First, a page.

Classic Hofstadter: ideas in mathematics and philosophy applied to fundamental existential questions. Unfortunately, this book reads (ironically) like stream-of-consciousness riffing, and doesn’t ever really pay off some of the broad-reaching abstractions he dreams up.
My favorite parts were the sections on self-reference. This is where I got really excited about the idea of “I,” where I felt like Hofstadter had something unique going on. When we say “I’m hungry,” who is doing the talking? Who is the sentence about? Can those two people be the same person? Looking at these questions through the lens of Russel’s dismantling of Principia Mathematica was really cool.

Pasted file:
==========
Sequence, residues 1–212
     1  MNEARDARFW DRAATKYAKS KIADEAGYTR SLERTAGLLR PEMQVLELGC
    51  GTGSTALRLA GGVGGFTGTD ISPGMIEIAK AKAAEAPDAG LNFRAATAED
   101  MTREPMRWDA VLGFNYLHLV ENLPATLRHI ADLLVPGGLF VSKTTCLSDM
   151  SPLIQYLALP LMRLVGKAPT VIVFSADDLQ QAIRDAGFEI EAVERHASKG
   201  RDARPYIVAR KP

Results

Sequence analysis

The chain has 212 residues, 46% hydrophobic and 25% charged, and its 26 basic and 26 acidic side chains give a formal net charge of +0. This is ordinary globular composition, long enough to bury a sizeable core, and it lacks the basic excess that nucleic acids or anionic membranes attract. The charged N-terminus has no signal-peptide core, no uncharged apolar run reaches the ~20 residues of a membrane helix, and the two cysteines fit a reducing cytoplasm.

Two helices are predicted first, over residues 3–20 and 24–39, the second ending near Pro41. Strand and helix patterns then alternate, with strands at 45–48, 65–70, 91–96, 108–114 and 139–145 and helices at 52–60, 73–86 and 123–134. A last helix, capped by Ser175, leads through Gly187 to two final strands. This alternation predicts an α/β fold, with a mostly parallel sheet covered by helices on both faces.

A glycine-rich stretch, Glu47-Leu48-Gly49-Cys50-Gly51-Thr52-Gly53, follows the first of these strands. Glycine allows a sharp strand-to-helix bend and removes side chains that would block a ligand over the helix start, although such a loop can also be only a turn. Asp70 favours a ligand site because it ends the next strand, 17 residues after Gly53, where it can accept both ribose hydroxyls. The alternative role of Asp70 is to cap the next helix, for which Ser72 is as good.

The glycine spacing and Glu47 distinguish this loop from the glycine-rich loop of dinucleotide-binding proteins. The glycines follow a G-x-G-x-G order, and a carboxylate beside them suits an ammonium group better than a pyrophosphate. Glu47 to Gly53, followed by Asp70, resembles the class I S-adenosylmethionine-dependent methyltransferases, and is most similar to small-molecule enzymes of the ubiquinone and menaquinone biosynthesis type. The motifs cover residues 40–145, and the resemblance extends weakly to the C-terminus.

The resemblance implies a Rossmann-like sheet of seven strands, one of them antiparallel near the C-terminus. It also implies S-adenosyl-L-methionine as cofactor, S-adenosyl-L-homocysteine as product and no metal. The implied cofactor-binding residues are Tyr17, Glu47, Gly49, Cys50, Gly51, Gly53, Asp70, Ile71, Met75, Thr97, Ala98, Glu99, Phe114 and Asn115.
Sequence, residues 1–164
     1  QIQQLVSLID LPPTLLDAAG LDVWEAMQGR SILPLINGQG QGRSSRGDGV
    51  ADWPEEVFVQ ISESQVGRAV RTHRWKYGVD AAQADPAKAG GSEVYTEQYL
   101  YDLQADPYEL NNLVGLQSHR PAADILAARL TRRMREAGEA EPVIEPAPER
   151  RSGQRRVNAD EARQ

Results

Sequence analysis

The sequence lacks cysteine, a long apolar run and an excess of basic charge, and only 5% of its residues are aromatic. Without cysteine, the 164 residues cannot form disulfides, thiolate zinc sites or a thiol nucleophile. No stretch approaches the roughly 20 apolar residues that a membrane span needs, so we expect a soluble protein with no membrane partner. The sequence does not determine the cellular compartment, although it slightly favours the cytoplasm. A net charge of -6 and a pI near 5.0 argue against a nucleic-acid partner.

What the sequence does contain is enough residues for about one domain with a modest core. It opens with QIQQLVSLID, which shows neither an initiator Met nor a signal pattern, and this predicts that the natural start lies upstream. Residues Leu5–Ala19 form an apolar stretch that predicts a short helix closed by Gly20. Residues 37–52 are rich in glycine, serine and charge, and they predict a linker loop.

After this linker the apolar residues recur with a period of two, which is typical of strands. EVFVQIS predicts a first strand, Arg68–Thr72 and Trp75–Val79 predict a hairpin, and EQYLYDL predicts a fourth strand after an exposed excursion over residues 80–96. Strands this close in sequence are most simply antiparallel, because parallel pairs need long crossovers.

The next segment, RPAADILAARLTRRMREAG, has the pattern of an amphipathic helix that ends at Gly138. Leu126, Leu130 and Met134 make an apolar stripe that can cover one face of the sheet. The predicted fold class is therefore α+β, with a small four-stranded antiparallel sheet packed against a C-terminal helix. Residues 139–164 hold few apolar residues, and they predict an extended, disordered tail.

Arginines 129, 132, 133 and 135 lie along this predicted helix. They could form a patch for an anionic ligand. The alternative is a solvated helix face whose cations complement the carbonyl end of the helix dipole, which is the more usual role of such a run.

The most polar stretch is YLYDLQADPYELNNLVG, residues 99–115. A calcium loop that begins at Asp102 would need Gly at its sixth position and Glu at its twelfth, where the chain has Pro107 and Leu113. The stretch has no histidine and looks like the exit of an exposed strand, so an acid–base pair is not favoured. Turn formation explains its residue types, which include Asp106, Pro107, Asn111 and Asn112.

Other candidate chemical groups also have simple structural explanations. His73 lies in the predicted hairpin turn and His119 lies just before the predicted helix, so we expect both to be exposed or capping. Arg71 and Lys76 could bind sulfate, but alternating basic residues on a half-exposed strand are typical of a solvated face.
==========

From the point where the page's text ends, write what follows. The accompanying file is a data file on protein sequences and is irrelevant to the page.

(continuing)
By the end, I was putting my head down and reading through to get it over with. I’d definitely recommend keeping the book on your shelf, but don’t put too much into it.